I don't want to be in a living situation where, in any given month, my partner and I and the theoretical baby could be turfed out to try to find another rental home in a situation that has become less a property market and more a fight to the death in the Octagon.

Listen to the Quicky's episode on renting for life. 

I understand that people have children under far more pressing circumstances, but I don't believe that anybody would think this is the ideal scenario in which to start a family. And I know that this isn't specific to me as a renter, either. A deeply unsurprising study that was published back in 2021 found that renters who feel locked out of home ownership feel less inclined to have children; and conversely, increases in housing wealth are associated with a rise in the probability of having a child. 

Turns out, renting is a fairly effective form of contraception.

When I asked the Mamamia team if anybody else could relate to this feeling of being caught in baby-housing limbo, there was definitely some agreement. One coworker lamented about not being able to save for a mortgage on a property big enough for kids, plus the additional stress of paying for IVF on top. 

"It makes me annoyed because I'm 30 this year and I feel like people think children should be in my near future – but how?!"


Another person told me that she's actually currently enjoying the space and area that she can afford to live in with her child – accessible to her only through renting – but she has growing concerns about his schooling. 

"With my son starting school in 2025, I'm already feeling stressed about how to manage this as a renter because I have the insecurity of not knowing where I'm going to live and how that impacts schooling."

Yesterday, it was reported through a Sydney Morning Herald poll that two-thirds of young Australians are giving up on the idea of home ownership at all. As we're squeezed out of the market by people who don't understand how to better invest their money, perhaps the case isn't that I should be hinging my hopes on home ownership in order to establish stability.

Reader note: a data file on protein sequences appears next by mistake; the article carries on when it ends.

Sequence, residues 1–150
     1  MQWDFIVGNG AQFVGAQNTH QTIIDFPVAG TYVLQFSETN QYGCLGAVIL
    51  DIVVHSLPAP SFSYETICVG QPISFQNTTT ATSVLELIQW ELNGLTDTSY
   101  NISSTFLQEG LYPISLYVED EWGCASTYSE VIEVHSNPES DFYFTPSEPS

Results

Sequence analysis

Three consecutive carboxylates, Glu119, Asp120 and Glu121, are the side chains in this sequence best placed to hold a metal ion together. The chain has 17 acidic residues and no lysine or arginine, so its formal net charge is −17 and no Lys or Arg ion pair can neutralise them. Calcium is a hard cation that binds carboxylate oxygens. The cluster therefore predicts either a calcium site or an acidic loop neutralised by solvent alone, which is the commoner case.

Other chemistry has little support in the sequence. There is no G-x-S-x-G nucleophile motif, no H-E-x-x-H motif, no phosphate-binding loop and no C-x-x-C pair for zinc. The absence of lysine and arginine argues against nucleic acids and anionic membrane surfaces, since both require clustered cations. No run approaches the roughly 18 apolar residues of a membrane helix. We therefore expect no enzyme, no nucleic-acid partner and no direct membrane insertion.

When I spoke to Leo Patterson Ross, CEO of the Tenants' Union of NSW, he told me that tenancy deterring people from having children is something he's encountered both in his work and his personal life.

"It's definitely something that people talk to us about – when people start thinking about having kids, that's the point at which they start becoming aware of how unfair and rotten the renting system is." 

Patterson Ross explained that, for a time, he was living in a one-bedroom property with his one-year-old and trying to move, and facing uncertainty about properties weighed on his and his family's mind. 


"It meant we put off having more children because it was already big enough of a deal," he said.

"When people are younger without kids and they're forced to move, it's inconvenient – but when people have kids, it's an upheaval." 

Ultimately, Patterson Ross advocates for the idea that policy is the real solution in terms of being able to feel grounded as a tenant – having access to long-term leases, being able to alter the aesthetics of a home, and capping rent increases so that they're only proportionate with inflation, unless the house has actually been improved in some way.

It sounds so simple when he draws it out like this: it's not home ownership in and of itself that's the goal; it's all the benefits that come with it. And in an ideal policy landscape, those benefits would be attainable for everyone. 

Maybe I shouldn't feel oppressed and worried by my housing situation; maybe it would be okay to raise a child in a rental home, and maybe instead, the pressure should lie with our lawmakers to pass more tenant-friendly legislation that would make me feel less like an invasive family of mice if I were to start having children.

Image: Supplied/Canva

Calling all internet users! Take our survey now and go in the running to win a $100 gift voucher!